FIG. 8 is a graph of the period in seconds versus the cable length in feet for a simple pendulum model and a quadrilateral model with the spreader and container combined as the payload in accordance with the present invention.

In recent years, many researchers have worked on the control of flexible structures. To date, a general solution to the controls problem has yet to be realized. One very important reason for this is that computationally-efficient mathematical methods do not exist for solving the extremely complex sets of partial differential equations and the associated boundary conditions that most accurately model gantry-style structures. While general solutions do not exist, some interesting solutions do exist for simplified cases. (See, for example, N. C. Singer, Residual Vibration Reduction in Computer Controlled Machines, Technical Report AI-TR 1030, MIT Artificial Intelligence Laboratory, Cambridge, Mass. (January 1989); A. D. Christian, Design and Implementation of a Flexible Robot, Technical Report AI-TR 1153, MIT Artificial Intelligence Laboratory, Cambridge, Mass. (August 1989); Stephen Yurkovich, Anthony P. Tzes, Iewen Lee, and Kenneth L. Hillsley, Control and System Identification of a Two-Link Flexible Manipulator, Proceedings of the 1990 IEEE International Conference on Robotics and Automation, Cincinnati, Ohio, pp. 1626-1631, (May 13-19, 1990); Brett R. Murphy and Ichiro Watanabe, Digital Shaping Filters for Reducing Machine Vibration, IEEE Transactions on Robotics and Automation, vol. 8, no. 2, pp. 285-289 (April 1992); Farshad Khorrami, Analysis of Multi-link Flexible Manipulators Via Asymptotic Expansions, Proceedings of the 28th IEEE Conference on Decision and Control, Tampa, Fla., pp. 2089-2094 (December 1989); and Eduardo Bayo, Philip Papadopoulos, James Stubbe, and Miguel Angel Serna, Inverse Dynamics and Kinematics of Multi-Link Elastic Robots: An Iterative Frequency Domain Approach, The International Journal of Robotics Research, Vol. 8, No. 6, pp. 49-62 (December 1989).).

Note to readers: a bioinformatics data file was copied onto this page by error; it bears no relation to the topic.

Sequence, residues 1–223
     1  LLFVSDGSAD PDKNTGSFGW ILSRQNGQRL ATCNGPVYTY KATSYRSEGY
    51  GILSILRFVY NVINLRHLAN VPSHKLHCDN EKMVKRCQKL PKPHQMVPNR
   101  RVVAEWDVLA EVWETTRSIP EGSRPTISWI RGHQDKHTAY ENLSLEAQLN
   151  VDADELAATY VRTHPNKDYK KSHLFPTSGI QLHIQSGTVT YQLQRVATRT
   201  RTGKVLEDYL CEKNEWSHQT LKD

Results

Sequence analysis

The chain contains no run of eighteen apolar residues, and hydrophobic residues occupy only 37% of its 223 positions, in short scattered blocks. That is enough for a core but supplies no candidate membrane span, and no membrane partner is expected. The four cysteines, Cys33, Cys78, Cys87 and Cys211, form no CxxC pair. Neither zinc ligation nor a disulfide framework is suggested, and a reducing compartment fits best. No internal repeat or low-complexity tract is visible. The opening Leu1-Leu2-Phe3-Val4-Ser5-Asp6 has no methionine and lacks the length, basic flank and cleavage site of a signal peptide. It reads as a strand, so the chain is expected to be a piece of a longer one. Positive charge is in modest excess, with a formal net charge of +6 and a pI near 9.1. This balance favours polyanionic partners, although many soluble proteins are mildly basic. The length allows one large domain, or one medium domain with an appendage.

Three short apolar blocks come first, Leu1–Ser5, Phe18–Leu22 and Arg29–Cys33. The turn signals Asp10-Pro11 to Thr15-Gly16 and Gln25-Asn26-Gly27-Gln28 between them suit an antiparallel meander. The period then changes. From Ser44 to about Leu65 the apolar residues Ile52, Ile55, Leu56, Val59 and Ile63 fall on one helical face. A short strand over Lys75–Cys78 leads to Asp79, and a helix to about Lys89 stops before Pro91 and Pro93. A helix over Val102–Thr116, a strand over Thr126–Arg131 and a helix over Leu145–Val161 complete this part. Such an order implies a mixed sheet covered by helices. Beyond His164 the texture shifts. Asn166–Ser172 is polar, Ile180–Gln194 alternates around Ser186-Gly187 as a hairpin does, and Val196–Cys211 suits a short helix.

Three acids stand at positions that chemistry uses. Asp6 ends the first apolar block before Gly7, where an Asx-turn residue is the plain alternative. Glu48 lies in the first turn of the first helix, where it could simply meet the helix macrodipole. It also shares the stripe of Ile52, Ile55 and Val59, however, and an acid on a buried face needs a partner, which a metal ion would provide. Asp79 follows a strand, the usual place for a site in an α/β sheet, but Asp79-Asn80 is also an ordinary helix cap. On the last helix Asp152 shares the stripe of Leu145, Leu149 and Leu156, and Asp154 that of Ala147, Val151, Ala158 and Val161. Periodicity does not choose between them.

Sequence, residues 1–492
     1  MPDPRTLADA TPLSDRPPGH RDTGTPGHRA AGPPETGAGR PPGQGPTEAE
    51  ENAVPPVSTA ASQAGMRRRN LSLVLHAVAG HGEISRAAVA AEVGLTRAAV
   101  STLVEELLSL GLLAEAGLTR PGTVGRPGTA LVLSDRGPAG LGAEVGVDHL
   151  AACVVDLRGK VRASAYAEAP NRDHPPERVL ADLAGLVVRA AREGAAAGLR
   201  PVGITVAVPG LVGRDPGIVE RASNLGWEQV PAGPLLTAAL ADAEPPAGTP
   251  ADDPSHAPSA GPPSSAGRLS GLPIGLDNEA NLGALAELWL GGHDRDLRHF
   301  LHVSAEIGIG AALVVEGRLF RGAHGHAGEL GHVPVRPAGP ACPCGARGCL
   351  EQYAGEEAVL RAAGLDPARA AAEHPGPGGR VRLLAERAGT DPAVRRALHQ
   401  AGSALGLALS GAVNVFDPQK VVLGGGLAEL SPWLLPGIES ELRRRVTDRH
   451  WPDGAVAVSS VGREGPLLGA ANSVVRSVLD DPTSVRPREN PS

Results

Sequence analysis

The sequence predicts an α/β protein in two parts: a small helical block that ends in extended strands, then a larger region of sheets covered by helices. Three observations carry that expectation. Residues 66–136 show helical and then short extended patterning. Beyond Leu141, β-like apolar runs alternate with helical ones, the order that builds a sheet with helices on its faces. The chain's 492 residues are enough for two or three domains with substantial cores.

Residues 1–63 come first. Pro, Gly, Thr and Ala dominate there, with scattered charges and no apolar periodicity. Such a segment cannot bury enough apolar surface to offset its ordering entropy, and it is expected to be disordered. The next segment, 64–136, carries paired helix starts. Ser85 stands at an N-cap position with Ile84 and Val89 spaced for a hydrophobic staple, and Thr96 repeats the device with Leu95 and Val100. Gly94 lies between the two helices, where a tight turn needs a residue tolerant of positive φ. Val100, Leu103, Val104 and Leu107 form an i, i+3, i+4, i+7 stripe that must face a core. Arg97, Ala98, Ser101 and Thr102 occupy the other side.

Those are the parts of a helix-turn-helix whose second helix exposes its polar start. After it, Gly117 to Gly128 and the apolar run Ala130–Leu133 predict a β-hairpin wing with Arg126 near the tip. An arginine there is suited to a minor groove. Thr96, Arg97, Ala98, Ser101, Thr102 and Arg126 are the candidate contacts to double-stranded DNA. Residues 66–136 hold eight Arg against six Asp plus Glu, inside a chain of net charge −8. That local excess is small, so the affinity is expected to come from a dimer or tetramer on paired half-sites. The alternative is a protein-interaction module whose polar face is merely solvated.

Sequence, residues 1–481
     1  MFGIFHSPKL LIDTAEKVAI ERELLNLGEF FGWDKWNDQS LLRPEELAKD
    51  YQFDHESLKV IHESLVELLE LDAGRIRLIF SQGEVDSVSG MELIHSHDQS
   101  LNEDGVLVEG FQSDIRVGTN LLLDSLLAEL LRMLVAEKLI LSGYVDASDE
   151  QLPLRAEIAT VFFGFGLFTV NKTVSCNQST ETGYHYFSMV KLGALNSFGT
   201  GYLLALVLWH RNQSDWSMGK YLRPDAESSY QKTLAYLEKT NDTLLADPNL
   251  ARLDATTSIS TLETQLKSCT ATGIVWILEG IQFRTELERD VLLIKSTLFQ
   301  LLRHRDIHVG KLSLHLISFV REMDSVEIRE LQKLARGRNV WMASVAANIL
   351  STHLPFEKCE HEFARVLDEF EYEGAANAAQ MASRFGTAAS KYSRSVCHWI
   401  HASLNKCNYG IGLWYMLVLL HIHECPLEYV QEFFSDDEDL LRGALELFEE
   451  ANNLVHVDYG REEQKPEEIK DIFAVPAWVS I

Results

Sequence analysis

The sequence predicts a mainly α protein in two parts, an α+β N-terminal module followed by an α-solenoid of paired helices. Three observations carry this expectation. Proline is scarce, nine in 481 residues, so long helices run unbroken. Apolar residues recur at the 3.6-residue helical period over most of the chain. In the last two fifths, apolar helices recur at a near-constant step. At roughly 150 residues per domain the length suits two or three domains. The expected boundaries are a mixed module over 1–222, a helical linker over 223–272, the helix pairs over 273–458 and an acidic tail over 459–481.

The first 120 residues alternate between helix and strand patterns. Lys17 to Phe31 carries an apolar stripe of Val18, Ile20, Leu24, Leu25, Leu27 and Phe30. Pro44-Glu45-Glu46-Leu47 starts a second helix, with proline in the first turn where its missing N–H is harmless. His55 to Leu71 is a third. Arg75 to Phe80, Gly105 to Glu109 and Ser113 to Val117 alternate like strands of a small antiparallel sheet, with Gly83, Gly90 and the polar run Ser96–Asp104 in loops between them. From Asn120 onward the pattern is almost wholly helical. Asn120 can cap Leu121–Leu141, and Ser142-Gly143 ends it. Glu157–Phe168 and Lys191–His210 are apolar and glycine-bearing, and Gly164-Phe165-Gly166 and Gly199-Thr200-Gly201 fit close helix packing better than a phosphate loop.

The present invention represents the dynamics of the gantry-style crane control system as a set of ordinary differential equations, implemented as an input-shaping infinite impulse response ("IIR") filter, in accordance with the present invention. Several embodiments of the input-shaping (IIR) filter are presented herein. A simple input-shaping filter that modifies the reference input so that the residual vibrations of Linear Time Invariant ("LTF") systems are eliminated was taught in N. C. Singer, Residual Vibration Reduction in Computer Controlled Machines, Technical Report AI-TR 1030, MIT Artificial Intelligence Laboratory, Cambridge, Mass., (January 1989). N. C. Singer's method involves convolving an input signal with a train of impulses that are calculated based on perfect knowledge of the crane system's flexible mode parameters. When these impulses are convolved with an arbitrary input, the crane system follows the input without vibration and with a time delay approximately equal to the length of the impulse train (typically equal to the period of vibration). This simplification has proven to provide reasonable response when applied to a three-degree-of-freedom flexible robot arm A. D. Christian, Design and Implementation of a Flexible Robot, Technical Report AI-TR 1153, MIT Artificial Intelligence Laboratory, Cambridge, Mass. (August 1989)!. B. R. Murphy and I. Watanabe later extended Singer's work by applying digital theory to the design of the input-shaping filter. Brett R. Murphy and Ichiro Watanabe, Digital Shaping Filters for Reducing Machine Vibration, IEEE Transactions on Robotics and Automation, vol. 8, no. 2, pp. 285-289 (April 1992); see also J. T. Feddema et al., Methods for Controlling a Two-Link Flexible Arm, Proceedings of the Fourth Topical Meeting on Robotics and Remote Systems, Albuquerque, N. Mex. (Feb. 24-28, 1991)!.